Musindo Mwinyipembe, co-producer of a controversial film about racism in Britain, grew up in England without thinking about racism once.
It took a stint in America, a racially mixed marriage and a return to Britain as an adult to bring the message home.
"It was as if nobody else (but whites) existed on the island," she says in a finely modulated, British boarding-school accent. "Blacks were ignored. Or if they got any attention, it was strange. Someone in Parliament asked the question: 'What is their fertility count?' When I saw myself being discussed like this, I knew something was seriously wrong with those people."
How did she fail to learn about racism in Britian in the 1950s, a time when waves of West Indian, African, Indian and Pakistani migrant workers began raising British ire? When she herself had been brought there from Tanzania at the age of 6 for treatment of polio, and plunked down into an alien culture?
"I know it sounds odd," she replies. "But from the time I was 6 until I was 18, I lived in a convent boarding school (in London's Sussex district). Many of the students were children of the upper class.
"Occasionally someone would call me 'blackie,' but the other students would gather around me and tell me to ignore them."
Mwinyipembe, 34, was in Washington the other night screening "Blacks Britannica" at the Black Film Institute. She and her husband, David Koff, made the film, a tough indictment of British treatment of the Caribbean, African and Asian minorities, said to number almost 2 million, or about 3 percent of the British population.
Using no narration, the original film includes commentary and historical background almost exclusively from blacks, several of whom are Marxists. The producers say the firm points up the increasingly militant attitudes among blacks and Asians.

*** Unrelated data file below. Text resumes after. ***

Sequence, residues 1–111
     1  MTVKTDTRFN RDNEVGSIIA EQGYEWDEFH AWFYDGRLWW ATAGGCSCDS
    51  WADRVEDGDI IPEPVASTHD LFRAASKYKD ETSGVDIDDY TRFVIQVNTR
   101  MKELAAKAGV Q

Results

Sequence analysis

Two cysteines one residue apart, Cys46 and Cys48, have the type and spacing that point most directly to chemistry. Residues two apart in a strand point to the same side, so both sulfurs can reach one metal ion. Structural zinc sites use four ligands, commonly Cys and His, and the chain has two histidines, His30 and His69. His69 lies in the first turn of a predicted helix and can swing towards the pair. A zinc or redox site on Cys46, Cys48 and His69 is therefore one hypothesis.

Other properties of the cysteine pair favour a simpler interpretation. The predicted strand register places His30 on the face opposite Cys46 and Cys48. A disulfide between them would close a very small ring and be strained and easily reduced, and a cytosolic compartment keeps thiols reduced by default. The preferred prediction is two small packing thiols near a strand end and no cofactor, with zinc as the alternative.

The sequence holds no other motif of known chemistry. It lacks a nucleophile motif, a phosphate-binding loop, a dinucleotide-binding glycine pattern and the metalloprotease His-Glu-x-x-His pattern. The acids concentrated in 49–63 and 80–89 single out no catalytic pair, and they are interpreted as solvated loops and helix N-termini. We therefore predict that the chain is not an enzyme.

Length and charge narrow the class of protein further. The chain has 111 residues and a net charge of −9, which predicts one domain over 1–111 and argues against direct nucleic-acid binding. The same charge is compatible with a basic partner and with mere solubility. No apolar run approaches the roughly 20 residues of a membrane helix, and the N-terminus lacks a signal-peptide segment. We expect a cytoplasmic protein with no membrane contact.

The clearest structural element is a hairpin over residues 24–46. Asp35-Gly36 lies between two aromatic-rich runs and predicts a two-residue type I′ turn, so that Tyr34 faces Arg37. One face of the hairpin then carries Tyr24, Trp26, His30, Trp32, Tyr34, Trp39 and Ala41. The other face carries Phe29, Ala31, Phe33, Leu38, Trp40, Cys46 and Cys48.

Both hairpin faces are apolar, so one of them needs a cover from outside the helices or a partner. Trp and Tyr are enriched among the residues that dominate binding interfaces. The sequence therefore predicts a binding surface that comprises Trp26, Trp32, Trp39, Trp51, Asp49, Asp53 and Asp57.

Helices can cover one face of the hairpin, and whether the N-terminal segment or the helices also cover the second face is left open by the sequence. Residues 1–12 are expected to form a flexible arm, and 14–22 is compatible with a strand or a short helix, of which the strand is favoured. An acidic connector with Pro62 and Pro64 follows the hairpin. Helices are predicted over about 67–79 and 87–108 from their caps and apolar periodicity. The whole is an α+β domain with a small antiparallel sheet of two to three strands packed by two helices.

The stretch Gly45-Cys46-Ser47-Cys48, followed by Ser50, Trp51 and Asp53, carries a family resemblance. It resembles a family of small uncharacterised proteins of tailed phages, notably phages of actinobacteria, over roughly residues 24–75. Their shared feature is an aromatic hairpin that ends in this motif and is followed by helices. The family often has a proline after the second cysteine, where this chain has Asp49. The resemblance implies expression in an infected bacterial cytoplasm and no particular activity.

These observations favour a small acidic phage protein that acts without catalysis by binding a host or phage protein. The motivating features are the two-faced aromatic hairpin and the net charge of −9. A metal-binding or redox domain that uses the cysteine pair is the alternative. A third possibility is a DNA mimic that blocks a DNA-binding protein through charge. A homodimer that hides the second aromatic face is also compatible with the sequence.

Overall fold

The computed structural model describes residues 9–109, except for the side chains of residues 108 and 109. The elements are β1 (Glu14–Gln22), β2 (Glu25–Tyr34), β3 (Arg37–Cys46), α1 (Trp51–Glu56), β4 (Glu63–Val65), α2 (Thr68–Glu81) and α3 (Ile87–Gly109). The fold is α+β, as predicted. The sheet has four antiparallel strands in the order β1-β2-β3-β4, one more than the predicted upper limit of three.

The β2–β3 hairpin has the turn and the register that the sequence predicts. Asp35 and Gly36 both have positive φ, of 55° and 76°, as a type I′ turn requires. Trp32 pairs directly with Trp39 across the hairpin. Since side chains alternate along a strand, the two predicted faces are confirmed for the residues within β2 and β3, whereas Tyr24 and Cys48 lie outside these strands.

But the film has become a thorny issue for Boston's WGBH-TV, the PBS affliate that commissioned the documentary.
The film was altered (the station says "reorganized"; the producers say "censored" without their knowledge) before its initial showing in August of last year.
Lawyers were called in and are still trying to untangle the question of who owns the documentary - the filmmakers or the station that funded the film.
Thursday night at the screening, Mwinyipembe said WGBH had deleted material suggesting that British racism was conspiratorial, that interviews with Conservative party members Margaret Thatcher (now prime minister) and Enoch Powell set the tone for the expurgated version and that scenes of police target practice were edited out.
The editing, she contended, changed the focus of the film as it was expressed by the people who lived the experience. At a screening of the unedited version in London, she said, a British woman exclaimed, "This is incredible. My father came from Ireland in 1922, and this comes closer to the way he described the English than anything I've ever known."
"If WGBH had any quarrel with the film, they should've talked to us about it before the negative was cut," says the filmmaker, still speaking gently although her forehead became crowded with wrinkles. "Their quarrel was really with the way black people in Britain see themselves."
Though she narrated and assisted her husband in the production of "Black Man's Land," an excellent three-part documentary on Kenya, and served as assistant producer for Black Journal, a weekly PBS magazine show, Mwinyipembe says her work on "Black Britannica" marked a giant step in her growth as a filmmaker.
"After making the film, I started speaking out more," she explains. "I became less of a trusty aide and more of an equal working partner."
She began reappraising their roles in the home (they've lived in New York and London in recent years), in raising their 8-year-old son and 6-year-old daughter. She questioned, for instance, the effect it took her to prepare several meals for the week on Sunday so that she could be free for filmmaking during the week. And she made some changes.
Mwinyipembe, 5-foot-1, who walks with a limp because of her bout with polio, now says she'd like to make a film on black women's roles.
Until recently, most people did not know that Mwinyipembe and Koff, a Tanzanian woman and white American man, were husband and wife.
"We don't advertise it," she says. "We wanted to be independent. I suppose we didn't believe in the Western European idea of marriage - the royal merger of 'we'. Also, we haven't talked about it because some people would try to make a big thing of it." CAPTION: Picture, Musindo Mwinyipembe, by Ken Feil - The Washington Post